• In attribute content, hex(27) (the ' character) is not entitized if attribute values are delimited with ", and hex(22) (the " character) is not entitized if attribute values are delimited with '.

  • In element content, hex(27) and hex(22) are never entitized.

Low

In FOR XML, the timestamp value is mapped to an integer.

In FOR XML, the timestamp value is mapped to an binary value.

For more information, see FOR XML Support for the timestamp Data Type.

High (if a timestamp column is used); otherwise, low

In FOR XML and OPENXML, high-range Unicode characters (3 bytes) in names are represented using 8 positions.

For example, using 8 positions, FOR XML represents the Unicode code point U+10000 as:

<a_x00010000_ c1="1" />

In FOR XML and OPENXML, high-range Unicode characters (3 bytes) in names are represented using 6 positions.

For example, using 6 positions, FOR XML represents the Unicode code point U+10000 as:

<a_x010000_ c1="1" />

Low

In FOR XML, derived table mappings in AUTO mode are treated transparently.

For example:

Copy Code
USE AdventureWorks
CREATE TABLE Test(id int);
INSERT INTO Test VALUES(1);
INSERT INTO Test VALUES(2);
SELECT * FROM (SELECT a.id AS a, 
b.id AS b FROM Test a 
JOIN Test b ON a.id=b.id) 
Test FOR XML AUTO;

When the compatibility level for AdventureWorks is set to 80, the above example produces:

<a a="1"><b b="1"/></a>

<a a="2"><b b="2"/></a>

In FOR XML, derived table mappings in AUTO mode are treated opaquely.

When the compatibility level for AdventureWorks is set to 90, the preceding example produces:

<Test a="1" b="1"/>

<Test a="2" b="2"/>

For more information about changes to AUTO mode, see AUTO Mode Enhancements.

High (if FOR XML AUTO mode is applied on views); otherwise, low

String to money conversions support using a backslash character (\) as a currency symbol only in the Japanese and Korean languages.

The backslash character (\) is accepted in all string to money conversions in all languages. ISNUMERIC would return true when \ is used as a currency symbol.

For databases on versions of SQL Server earlier than SQL Server 2005, this new behavior breaks indexes and computed columns that depend on an ISNUMERIC return value that contains \ and for which the language is neither Japanese nor Korean.

low

The result of an arithmetic operator is always nullable, even if the operands are nonnullable and ANSI_WARNINGS or ARITHABORT is set ON.

When ANSI_WARNINGS or ARITHABORT are set to ON, the result of a floating point arithmetic operator is nonnullable, if both operands are nonnullable.

This change in nullability could cause failure when bcp is used to bulk export data that uses the binary format from a SQL Server 2000 table with a computed column that uses a floating point arithmetic operator and bcp or BULK INSERT is then used bulk import that data into a SQL Server 2005 table with the same definition.

Note:
When both options are OFF, the Database Engine marks the result as nullable. This is the same as in SQL Server 2000.

low

Domain errors are not controlled by ANSI_WARNINGS. ARITHABORT settings are honored, if ANSI_WARNINGS are set to OFF and there is no change to ARITHABORT.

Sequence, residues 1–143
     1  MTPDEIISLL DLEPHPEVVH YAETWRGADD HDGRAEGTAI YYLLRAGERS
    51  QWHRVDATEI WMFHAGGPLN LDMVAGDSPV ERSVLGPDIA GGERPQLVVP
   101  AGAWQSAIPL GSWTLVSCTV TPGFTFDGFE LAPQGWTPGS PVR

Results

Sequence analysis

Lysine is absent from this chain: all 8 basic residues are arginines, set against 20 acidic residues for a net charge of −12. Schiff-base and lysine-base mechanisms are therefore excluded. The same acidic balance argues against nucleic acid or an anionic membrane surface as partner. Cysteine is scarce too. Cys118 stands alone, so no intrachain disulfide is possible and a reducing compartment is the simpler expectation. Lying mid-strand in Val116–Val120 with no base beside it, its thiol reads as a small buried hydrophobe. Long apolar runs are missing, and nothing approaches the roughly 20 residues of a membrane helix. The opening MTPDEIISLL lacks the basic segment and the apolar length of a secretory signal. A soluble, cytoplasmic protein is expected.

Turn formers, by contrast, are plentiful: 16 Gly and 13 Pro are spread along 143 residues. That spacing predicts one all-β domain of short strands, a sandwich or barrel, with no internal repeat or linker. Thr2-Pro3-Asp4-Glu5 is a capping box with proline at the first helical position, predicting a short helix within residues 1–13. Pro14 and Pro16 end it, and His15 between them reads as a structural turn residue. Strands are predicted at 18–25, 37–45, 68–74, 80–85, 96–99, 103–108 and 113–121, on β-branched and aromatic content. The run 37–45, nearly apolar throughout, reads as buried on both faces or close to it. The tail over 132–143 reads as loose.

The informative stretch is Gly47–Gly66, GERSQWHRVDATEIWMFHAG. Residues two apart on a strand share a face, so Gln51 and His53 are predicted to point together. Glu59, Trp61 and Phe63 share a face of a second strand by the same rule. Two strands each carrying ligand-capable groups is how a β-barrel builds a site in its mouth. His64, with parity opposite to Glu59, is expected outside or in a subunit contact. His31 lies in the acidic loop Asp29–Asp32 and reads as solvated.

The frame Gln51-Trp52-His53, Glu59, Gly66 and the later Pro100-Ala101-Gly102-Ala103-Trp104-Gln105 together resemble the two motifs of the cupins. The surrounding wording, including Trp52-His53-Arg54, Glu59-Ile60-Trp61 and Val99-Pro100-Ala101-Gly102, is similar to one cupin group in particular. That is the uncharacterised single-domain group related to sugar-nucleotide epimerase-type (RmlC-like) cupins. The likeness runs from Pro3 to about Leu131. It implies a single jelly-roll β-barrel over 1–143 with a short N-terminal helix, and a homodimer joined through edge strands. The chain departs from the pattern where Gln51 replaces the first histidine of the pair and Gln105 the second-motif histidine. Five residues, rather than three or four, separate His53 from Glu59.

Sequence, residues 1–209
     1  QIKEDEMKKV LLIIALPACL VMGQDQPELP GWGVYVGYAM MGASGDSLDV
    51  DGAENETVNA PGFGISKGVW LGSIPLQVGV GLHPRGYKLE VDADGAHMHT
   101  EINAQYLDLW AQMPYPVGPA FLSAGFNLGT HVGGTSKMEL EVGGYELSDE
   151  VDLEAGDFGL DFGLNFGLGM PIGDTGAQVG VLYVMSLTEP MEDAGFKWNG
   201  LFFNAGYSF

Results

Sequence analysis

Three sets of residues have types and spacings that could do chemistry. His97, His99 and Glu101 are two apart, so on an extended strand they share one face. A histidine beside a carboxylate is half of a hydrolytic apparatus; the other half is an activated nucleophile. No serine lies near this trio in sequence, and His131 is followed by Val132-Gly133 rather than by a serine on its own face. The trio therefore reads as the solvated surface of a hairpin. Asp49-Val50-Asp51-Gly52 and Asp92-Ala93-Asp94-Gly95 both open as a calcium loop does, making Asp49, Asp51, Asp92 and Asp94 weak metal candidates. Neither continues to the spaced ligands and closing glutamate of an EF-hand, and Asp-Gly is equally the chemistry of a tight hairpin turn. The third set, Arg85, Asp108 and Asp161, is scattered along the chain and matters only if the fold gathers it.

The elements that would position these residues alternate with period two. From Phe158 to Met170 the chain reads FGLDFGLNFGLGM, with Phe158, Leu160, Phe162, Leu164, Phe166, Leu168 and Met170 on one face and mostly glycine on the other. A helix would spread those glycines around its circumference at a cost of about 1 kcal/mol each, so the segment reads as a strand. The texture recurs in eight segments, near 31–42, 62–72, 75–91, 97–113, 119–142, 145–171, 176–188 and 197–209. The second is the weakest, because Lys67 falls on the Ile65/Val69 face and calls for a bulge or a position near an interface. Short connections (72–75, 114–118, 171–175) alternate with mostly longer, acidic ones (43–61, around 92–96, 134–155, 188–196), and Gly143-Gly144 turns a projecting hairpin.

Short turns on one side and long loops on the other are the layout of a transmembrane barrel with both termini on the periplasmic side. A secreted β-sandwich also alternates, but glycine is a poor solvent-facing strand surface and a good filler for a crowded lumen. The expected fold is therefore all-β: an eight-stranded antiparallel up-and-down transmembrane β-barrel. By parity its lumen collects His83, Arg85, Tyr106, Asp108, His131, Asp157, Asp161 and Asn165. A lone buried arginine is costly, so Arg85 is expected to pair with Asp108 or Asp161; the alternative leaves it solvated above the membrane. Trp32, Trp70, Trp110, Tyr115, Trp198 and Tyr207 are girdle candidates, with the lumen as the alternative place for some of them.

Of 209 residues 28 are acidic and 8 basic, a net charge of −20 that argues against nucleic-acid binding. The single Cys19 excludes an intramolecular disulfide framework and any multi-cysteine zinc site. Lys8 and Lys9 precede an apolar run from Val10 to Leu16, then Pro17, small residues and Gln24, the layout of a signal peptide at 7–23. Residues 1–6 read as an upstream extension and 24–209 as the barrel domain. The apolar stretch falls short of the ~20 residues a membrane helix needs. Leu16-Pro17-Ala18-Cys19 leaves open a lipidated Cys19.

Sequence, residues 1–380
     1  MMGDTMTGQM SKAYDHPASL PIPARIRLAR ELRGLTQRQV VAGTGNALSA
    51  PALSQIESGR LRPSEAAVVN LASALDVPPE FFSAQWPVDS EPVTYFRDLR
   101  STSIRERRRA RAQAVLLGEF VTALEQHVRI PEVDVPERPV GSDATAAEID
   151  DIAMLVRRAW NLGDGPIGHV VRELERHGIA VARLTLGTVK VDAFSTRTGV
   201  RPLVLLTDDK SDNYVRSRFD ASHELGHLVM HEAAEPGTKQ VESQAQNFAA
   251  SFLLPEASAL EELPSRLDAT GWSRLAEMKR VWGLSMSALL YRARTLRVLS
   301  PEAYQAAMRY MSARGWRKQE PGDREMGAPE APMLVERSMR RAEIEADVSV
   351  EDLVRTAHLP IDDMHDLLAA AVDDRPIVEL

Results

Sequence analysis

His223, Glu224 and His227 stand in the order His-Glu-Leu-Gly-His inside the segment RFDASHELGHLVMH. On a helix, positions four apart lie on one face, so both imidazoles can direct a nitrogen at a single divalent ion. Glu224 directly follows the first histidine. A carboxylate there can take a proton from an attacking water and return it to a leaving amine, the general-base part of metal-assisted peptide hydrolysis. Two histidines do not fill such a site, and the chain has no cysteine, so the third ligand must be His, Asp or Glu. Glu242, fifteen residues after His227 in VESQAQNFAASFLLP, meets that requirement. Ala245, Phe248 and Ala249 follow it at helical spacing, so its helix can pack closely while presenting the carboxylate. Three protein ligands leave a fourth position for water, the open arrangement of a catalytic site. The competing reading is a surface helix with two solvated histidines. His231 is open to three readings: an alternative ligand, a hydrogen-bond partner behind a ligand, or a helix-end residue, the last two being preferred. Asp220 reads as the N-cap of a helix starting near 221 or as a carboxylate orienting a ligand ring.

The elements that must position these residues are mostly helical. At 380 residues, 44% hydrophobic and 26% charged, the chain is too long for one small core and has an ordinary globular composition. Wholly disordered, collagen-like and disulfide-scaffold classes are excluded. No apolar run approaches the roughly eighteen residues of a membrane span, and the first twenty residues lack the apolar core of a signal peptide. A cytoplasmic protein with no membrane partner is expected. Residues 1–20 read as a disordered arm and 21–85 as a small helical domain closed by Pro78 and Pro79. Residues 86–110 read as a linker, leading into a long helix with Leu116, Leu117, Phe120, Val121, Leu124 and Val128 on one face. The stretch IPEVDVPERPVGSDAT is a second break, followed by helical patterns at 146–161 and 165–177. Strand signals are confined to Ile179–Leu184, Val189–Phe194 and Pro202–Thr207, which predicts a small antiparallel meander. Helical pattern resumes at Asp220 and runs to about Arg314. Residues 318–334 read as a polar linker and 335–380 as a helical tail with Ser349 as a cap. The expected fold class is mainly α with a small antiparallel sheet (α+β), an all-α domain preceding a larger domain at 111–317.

Domain errors are also controlled by ANSI_WARNINGS and are severity 16 errors. If either ANSI_WARNINGS or ARITHABORT are ON, an error is thrown instead of returning NULL value. User scripts that depend upon ARITHABORT being set to OFF might be broken by this change.

medium

In an INSERT SELECT from a UNION of different data types, each UNION branch is directly cast to the type of the target column of the INSERT. Even if the union used by itself could fail because of incompatible type conversions, the INSERT SELECT makes the UNION succeed because the branch to the result type of the UNION is never converted.

In SQL Server 2005, the result type of UNION is derived independently of INSERT SELECT. Each branch of UNION is cast to the result type of UNION, and then cast to the target column type of INSERT. If there are incompatible types in the UNION, the first cast might cause an error. To run in compatibility level 90, you must fix all incompatible type unions used inside INSERT SELECT.

medium

For built-in functions that take nvarchar as a parameter, if the supplied value is varchar, the value is converted to nvarchar(4000). In SQL Server 2000, if a larger value is passed, it is silently truncated.

For built-in functions that take nvarchar as a parameter, if the supplied value is varchar, the value is still converted to nvarchar(4000). However, if a larger value is passed, SQL Server 2005 generates an error.

To run in compatibility level 90, you must fix any custom code that relies on the truncation behavior.

low

A union of fixed-length (char, binary, or nchar) string with a variable-length (varchar, varbinary, nvarchar) string returns a fixed-length result.

The union of a variable-size string and a fixed-size string returns a variable-size string.

To run in compatibility level 90, you must fix all the places (indexes, queries, and computed columns) that depend on the type resulting from a union of a variable-size type and a fixed-size type.

low

Object names containing the character 0xFFFF are valid identifiers.

Object names containing the character 0xFFFF are invalid identifiers and cannot be accessed.

To run in compatibility level 90, you must rename objects that contain this character.

Low

In SELECT ISNUMERIC('<string>'), embedded commas within <string> are significant.

For example, the following SELECT ISNUMERIC('121212,12') query returns 0. This indicates that the string 121212,12 is not numeric.

In SELECT ISNUMERIC('<string>'), embedded commas within <string> are ignored.

For example, the following SELECT ISNUMERIC('121212,12') query returns 1. This indicate that the string 121212,12 is numeric.

Low

Posted on Thursday, January 4, 2007 4:15 PM all tech stuff , SQL Server | Back to top


Comments on this post: compatibility mode

# re: Copy and Paste
Requesting Gravatar...
Here is the link from Microsoft
http://msdn.microsoft.com/en-us/library/bb510680.aspx
Left by Boo on Aug 19, 2009 3:53 PM

# re: compatibility mode
Requesting Gravatar...
Can you please provide similar comparison for compatibility level of 90, 100 and 110?
Left by Jwalant Natvarlal Soneji on Apr 16, 2013 10:38 AM